We all have moments of weakness. Mine usually come in the “specialty” aisle of the grocery store. You know, where they keep all the things labeled “triple cream,” “imported,” and “extra virgin.” They might as well have a big banner that reads “Welcome Ye Of Little Self Control!” One of my dirtiest little specialty secrets is Spanish Torta de Aceite–crisp olive oil crackers handmade in Seville and anywhere else in Spain there is olive oil just laying around.
The tortas come individually wrapped in wax paper in sets of 6, and once you get your hands on one, you’ll understand why: tortas are made up of 24% olive oil by weight, so they tend to leave an oil slick on everything they touch, including your fingers. I suspect they are actually deep fried in olive oil. Yum.
Since tortas cost a whopping $6 per package and are super-rich, they are a rare treat. So I thought I might sort it out at home, and for the most part, I have. This recipe yields the same piquant-sweet-beguiling Spanish torta flavor, but they aren’t nearly as greasy.
My favorite kind of of torta includes flour, orange, sesame, sugar, and anise seed, as reflected here. I include a bit of orange blossom water, to guild the lily, but honestly you could make these with garlic and coarse black pepper if that’s what floats your boat. Just remember, this is all about the flavor of olive oil, so here’s your chance to bust out the good stuff!
Olive Oil Crackers with Orange, Anise, and Sugar
Makes about 2 dozen 5-inch crackers
7 tablespoons freshly squeezed orange juice
Zest of 1 orange
1/4 cup, plus 3 tablespoons extra virgin olive oil, preferably Spanish
1/2 teaspoon orange blossom water
2 cups (9 ounces) unbleached all purpose flour, plus more for dusting
1 1/2 teaspoons anise seeds
3/4 teaspoon baking powder
1/4 teaspoon salt
10 tablespoons sugar, divided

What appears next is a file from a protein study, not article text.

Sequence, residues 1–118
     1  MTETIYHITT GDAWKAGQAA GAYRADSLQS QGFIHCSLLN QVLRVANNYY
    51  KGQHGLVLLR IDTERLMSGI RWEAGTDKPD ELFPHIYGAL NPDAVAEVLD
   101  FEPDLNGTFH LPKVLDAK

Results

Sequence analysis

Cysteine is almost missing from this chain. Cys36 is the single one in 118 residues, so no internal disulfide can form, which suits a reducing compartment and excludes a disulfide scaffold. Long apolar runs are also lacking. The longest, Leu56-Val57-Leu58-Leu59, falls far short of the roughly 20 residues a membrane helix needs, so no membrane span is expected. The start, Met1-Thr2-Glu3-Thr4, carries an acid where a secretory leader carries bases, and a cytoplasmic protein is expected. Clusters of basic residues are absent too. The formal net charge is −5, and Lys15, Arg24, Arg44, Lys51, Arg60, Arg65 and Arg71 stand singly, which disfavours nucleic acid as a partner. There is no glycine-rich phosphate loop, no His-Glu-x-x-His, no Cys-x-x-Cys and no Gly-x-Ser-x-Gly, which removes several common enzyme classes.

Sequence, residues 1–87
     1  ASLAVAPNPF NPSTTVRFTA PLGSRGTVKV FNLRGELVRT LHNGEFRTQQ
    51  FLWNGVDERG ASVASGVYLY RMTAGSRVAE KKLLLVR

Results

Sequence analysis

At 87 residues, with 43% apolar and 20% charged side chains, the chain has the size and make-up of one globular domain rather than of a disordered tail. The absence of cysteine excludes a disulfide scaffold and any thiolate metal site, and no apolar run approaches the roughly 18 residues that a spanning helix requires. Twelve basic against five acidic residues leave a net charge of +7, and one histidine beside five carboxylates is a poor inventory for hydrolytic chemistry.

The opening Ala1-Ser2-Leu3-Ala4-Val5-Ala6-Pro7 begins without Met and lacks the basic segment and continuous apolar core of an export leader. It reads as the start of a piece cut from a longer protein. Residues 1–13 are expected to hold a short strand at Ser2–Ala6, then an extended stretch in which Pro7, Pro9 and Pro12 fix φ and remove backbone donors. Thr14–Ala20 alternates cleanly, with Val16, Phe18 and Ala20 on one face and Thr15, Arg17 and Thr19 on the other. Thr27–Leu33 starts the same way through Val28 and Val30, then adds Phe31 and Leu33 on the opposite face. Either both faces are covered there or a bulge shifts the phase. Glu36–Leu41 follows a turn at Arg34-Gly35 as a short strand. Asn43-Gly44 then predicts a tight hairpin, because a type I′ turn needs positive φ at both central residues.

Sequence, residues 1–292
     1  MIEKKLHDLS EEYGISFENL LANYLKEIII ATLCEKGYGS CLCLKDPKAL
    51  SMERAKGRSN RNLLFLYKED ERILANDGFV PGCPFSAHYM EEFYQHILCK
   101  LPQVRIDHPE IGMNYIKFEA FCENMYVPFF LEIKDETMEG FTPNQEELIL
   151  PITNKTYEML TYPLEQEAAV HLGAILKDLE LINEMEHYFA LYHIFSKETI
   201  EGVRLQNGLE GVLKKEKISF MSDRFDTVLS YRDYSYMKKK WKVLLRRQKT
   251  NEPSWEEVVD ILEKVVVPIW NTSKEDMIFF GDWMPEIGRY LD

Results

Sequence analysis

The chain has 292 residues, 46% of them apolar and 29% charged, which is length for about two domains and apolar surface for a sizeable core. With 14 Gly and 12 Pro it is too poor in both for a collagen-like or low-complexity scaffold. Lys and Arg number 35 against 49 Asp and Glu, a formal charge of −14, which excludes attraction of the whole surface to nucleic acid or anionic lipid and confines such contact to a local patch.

Preheat the oven to 325 degrees F. Line 2 baking sheets with parchment or silpat mats. In a 2-cup glass measuring cup, whisk together the orange juice, zest, oil (these crackers are all about the oil, bust out the good stuff), and orange blossom water.
In a mixing bowl, whisk together the flour, anise seeds, baking powder, salt, and 4 tablespoons of the sugar. Add the wet mixture to the dry mixture and knead until you have a smooth dough, 5 minutes. Cover and set aside for 30 minutes.
Divide the dough into walnut shell-size balls and cover with plastic. Dust a work surface with flour and roll 2 of the balls out into 5-inch rounds (you may need to start on one, let it rest for a few seconds, and move on to the 2nd ball. As the dough relaxes, it will be easier to roll without it springing back.) If the dough is sticky, dust it with flour and pick up the dough as you’re rolling to make sure it’s not sticking.
Transfer the rounds to a silpat-lined baking sheet and repeat with remaining dough balls. Sprinkle the dough rounds with sugar, press lightly to adhere sugar to crackers. Bake, rotating baking sheets once, until the dough is crisped and brown, about 15 minutes. Cool the crackers on racks and store in an airtight container once cool.